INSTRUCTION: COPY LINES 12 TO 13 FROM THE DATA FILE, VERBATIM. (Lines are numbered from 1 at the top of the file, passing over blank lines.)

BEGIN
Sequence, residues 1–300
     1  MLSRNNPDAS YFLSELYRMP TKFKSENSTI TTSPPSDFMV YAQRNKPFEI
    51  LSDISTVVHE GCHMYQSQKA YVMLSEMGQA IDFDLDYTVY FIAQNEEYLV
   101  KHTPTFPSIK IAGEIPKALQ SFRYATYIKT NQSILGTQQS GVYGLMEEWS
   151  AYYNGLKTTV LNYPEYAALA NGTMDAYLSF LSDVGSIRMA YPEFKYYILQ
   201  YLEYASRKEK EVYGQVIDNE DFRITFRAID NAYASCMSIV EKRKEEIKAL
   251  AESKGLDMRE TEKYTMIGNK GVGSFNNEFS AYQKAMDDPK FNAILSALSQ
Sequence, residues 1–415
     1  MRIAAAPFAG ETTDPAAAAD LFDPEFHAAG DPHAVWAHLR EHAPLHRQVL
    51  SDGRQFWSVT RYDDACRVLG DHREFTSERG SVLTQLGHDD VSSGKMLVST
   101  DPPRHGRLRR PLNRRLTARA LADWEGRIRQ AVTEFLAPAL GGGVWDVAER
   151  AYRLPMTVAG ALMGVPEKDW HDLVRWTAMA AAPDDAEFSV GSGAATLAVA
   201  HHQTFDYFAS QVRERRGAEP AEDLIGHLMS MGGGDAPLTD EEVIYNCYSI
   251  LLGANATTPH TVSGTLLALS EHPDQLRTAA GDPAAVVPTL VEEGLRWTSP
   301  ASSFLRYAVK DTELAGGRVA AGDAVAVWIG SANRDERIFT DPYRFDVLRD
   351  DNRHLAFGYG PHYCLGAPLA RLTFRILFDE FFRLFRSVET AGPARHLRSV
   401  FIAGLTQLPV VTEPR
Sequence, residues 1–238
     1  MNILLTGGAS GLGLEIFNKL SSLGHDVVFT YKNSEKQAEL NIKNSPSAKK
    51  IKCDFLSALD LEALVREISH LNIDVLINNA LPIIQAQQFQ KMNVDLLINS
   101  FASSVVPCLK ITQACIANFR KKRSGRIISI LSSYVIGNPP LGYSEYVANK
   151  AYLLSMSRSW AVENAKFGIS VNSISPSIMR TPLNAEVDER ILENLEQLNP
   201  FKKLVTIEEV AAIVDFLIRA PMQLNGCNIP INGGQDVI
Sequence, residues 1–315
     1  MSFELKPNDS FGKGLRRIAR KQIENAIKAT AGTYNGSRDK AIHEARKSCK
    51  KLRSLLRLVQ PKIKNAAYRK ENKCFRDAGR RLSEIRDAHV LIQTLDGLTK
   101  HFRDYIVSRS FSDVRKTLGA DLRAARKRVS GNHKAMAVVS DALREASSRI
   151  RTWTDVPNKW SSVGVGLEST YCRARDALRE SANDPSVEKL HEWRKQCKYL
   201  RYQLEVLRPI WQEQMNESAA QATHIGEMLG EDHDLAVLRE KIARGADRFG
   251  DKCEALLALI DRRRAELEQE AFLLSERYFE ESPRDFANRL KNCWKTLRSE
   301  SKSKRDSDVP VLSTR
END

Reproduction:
   151  AYRLPMTVAG ALMGVPEKDW HDLVRWTAMA AAPDDAEFSV GSGAATLAVA
   201  HHQTFDYFAS QVRERRGAEP AEDLIGHLMS MGGGDAPLTD EEVIYNCYSI